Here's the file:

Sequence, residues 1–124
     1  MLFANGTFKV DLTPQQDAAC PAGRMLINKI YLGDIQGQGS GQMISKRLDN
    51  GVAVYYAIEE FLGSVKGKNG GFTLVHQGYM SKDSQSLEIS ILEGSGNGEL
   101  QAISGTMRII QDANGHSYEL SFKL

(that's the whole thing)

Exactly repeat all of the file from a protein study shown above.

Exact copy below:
Sequence, residues 1–124
     1  MLFANGTFKV DLTPQQDAAC PAGRMLINKI YLGDIQGQGS GQMISKRLDN
    51  GVAVYYAIEE FLGSVKGKNG GFTLVHQGYM SKDSQSLEIS ILEGSGNGEL
   101  QAISGTMRII QDANGHSYEL SFKL